The following are reference works about various aspects of, or
extensions to, Common Lisp. They are not tutorials. See also, the Books by subject and Books
by author pages.
Common Lisp became an official ANSI Standard:
ANSI X3.226:1994 American National Standard for Programming Language Common LISP (X3J13).It is the first Object Oriented language specification approved by ANSI.
The specification describes what conforming implementations must provide, how the provided utilities must behave, and what programmers must do to make keep their programs portable between implementations. It has a glossary of terms, definitions for every Common Lisp utility (often with examples) and references to other documents. It does not cover extensions to Common Lisp such as CLIM, the MOP or CL-HTTP.
For more information, write to X3 Secretariat, Attn: Lynn Barra, 1250 Eye Street NW, Suite 200, Washington, DC 20005-3922, call 202-626-5738, fax 202-638-4922, or send email to email@example.com.
During the ANSI standardization process, Steele published a second edition (CLtL2). This book contains the complete contents of the first edition, plus material on CLOS, conditions, pretty printing and iteration facilities.
The book does not correspond exactly with the ANSI standard: some details are slightly different; some things from the standard are missing; and some things from CLtL2 are not in the final ANSI standard. Nonetheless, the book has become a bible for anyone working in Common Lisp. It is easier to read than the formal ANSI specification, and has additional commentatry and material.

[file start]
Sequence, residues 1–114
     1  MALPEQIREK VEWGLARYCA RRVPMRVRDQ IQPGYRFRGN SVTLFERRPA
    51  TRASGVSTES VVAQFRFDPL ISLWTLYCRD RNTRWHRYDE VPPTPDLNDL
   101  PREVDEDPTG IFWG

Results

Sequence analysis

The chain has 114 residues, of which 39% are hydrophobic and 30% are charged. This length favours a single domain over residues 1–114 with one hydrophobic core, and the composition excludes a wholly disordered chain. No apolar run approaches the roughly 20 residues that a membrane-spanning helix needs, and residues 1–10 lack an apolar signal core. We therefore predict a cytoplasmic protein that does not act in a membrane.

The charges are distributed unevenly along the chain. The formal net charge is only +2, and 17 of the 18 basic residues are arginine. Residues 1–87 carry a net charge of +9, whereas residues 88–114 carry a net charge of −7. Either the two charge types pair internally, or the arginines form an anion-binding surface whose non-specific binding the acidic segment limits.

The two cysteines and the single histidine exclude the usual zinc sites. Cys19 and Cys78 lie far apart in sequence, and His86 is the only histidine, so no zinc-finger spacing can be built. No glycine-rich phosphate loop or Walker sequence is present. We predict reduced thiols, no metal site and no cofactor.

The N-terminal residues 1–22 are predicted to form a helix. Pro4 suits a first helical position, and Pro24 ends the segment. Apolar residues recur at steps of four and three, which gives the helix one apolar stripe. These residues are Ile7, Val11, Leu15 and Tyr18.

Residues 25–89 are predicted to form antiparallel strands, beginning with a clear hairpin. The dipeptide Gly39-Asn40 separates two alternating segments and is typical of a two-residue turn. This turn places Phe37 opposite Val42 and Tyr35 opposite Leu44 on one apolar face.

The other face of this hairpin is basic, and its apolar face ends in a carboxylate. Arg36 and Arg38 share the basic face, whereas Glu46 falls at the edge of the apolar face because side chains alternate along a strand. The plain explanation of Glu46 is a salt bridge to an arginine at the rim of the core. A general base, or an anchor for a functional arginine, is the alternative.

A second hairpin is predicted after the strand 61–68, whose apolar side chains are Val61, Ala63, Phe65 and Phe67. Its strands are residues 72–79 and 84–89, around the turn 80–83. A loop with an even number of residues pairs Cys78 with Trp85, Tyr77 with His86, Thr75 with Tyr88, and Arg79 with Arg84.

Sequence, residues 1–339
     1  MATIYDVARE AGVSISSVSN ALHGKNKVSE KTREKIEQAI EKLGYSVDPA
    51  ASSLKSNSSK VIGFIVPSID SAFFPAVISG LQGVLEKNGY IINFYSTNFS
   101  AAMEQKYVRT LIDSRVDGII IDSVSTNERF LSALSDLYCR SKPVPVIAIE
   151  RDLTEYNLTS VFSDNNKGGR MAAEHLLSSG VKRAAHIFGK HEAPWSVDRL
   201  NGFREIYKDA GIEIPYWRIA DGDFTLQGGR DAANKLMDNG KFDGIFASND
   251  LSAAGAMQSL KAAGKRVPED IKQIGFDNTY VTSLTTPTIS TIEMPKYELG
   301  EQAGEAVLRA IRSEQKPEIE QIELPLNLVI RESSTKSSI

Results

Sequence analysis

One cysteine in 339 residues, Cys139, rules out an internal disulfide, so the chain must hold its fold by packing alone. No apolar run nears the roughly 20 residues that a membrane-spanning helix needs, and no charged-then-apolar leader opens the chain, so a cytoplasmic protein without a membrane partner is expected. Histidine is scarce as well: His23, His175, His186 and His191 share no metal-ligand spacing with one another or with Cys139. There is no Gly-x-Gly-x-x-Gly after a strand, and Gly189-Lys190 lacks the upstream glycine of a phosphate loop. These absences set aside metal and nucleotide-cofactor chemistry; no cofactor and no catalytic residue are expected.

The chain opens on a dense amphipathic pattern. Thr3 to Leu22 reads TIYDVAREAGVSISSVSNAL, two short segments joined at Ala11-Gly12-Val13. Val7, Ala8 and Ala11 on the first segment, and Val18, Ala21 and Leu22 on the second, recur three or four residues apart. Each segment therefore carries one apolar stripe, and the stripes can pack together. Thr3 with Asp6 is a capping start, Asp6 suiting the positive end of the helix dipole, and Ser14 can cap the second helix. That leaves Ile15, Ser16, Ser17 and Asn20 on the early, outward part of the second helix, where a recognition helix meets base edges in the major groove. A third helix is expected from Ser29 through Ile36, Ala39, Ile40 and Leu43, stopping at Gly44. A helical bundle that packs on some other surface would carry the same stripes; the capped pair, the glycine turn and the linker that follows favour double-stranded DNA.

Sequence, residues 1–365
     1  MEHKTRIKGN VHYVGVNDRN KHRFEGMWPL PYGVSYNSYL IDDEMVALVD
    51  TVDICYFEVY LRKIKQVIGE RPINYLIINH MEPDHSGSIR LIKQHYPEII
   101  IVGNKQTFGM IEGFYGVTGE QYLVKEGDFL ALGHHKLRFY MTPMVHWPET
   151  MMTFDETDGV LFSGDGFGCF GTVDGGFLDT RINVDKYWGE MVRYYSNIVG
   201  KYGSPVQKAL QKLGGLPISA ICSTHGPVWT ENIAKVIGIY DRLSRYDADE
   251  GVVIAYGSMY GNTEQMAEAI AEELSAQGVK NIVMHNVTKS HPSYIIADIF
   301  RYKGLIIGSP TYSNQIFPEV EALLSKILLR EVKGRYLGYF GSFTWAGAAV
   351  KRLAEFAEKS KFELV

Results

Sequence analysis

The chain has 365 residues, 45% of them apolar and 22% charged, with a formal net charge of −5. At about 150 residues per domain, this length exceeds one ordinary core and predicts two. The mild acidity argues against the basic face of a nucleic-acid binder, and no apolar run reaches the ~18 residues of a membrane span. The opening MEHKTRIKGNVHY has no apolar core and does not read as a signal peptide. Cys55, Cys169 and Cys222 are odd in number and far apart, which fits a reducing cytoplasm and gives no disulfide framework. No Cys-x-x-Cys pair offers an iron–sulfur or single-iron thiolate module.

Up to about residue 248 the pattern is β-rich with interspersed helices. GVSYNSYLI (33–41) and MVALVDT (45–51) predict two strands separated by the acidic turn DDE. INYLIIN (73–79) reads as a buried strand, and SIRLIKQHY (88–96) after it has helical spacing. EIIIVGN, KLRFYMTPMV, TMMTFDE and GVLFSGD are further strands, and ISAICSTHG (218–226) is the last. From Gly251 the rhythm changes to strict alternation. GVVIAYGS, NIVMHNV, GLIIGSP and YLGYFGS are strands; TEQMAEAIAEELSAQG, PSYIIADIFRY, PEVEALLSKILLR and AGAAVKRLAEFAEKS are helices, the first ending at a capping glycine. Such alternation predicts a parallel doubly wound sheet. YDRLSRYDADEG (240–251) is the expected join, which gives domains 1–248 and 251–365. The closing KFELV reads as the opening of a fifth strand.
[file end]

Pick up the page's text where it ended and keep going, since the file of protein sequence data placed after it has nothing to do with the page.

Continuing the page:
ANSI Common Lisp.
Originally developed by International Lisp Associates, Symbolics, and Xerox PARC, and now under joint development by several Lisp vendors, including Franz, Harlequin and Digitool. It is intended to be a portable successor of Symbolics UIMS (Dynamic Windows, Presentations Types). CLIM 2.0 also supports more traditional toolkit-style programming.
It is not free, and if it is available it can be purchased from the vendor of the Lisp system you are using.
Meta Object Protocol (MOP)The Common Lisp Object System (CLOS) is part of the ANSI standard, and defines a complete object oriented programming system. There is also a de facto standard for how CLOS should be implemented, exposing some of the internals in a controlled way.
The benefit of this is that programmers can portably tailor CLOS to meet their specific programming needs, or even create their own Object Oriented language.
The book The Art of the Metaobject Protocol, sometimes called the AMOP, includes the CLOS Metaobject Protocol specification as chapters 5 and 6.
The site directory is http://www.ai.mit.edu/projects/iiip/doc/cl-http/home-page.html.
The documentation is not directly available over the www. However, if you download the distribution, you will get hypertext documentation on your own machine.